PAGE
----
Optimization of a method for detection of Legionella pneumophila in water samples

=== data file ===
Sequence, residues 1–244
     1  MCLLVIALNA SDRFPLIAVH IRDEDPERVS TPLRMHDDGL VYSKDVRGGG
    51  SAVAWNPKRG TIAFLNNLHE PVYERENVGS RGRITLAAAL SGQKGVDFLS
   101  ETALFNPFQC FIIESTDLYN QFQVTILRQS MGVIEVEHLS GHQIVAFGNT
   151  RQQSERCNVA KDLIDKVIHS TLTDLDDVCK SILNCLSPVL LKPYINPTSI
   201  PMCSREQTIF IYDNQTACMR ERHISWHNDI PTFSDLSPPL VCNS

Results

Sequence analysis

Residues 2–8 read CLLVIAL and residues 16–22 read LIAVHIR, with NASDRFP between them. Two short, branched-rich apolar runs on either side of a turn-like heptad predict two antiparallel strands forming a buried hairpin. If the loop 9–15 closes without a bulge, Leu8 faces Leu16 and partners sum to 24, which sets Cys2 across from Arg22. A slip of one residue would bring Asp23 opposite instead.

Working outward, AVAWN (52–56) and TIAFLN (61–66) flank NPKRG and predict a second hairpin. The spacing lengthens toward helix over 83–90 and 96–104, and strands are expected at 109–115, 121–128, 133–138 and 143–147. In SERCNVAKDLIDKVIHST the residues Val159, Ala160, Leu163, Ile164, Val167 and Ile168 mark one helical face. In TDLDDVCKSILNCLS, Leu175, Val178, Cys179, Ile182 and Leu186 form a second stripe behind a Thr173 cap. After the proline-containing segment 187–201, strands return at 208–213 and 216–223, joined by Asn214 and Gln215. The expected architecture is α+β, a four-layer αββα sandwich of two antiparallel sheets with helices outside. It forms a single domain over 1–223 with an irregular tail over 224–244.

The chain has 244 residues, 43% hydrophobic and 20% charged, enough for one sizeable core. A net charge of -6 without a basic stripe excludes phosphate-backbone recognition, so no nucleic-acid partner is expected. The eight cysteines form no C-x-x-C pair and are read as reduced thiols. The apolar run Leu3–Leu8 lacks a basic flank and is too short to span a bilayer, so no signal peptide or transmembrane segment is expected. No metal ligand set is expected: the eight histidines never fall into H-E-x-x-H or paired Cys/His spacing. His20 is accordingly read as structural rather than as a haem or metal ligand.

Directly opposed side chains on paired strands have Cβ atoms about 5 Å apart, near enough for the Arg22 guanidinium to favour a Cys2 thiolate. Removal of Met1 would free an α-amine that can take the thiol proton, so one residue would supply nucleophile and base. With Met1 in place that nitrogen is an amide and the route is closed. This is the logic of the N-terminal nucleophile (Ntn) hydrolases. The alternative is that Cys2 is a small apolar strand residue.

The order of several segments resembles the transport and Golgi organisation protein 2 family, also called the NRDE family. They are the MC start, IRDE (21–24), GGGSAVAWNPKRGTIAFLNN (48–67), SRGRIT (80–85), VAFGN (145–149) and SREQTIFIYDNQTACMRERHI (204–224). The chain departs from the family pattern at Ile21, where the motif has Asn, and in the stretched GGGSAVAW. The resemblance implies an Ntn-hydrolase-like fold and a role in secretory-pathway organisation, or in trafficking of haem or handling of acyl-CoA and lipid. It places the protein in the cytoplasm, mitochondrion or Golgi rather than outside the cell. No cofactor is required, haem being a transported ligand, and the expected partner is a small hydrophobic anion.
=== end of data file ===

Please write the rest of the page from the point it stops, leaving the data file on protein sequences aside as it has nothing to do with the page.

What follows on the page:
Abstract: Legionella pneumophila is a bacterium which can be found in fresh water and causes Legionnaires’ disease, which can be deadly for humans depending on the condition of the infected individual. The bacterium is a gram-negative rod and can withstand severe conditions such as high temperature. Therefore, various treatments including heat and acid treatment are performed on the water to inhibit interfering microorganisms. However, to examine a larger volume of water, the water needs to pass through a filter, which can be very time consuming, and there are various variables that have a negative impact on the filtration speed. The aim of this study was to examine these variables and find the fastest setup for detection of L. pneumophila. To filtrate the water, a manifold with funnels, where you put the water, is used, and the manifold is connected to a pump. Under the funnels, steel frits are placed, and the filter is placed on the steel frits. To examine the fastest setup, different manifolds, pumps, filters, and settings were investigated by timing the water running through in the different settings. A new way of sterilization, that does not damage the steel frits was tested, and the recovery of bacteria was examined on the filters with the top filtration speed. In conclusion, the most efficient setup is the Cyclopore (GE Healthcare Life Sciences) filter, the pump from KNF and the manifold MBS1 (Whatman), and the new way of sterilizing should be used to reduce the damage of the steel frits.
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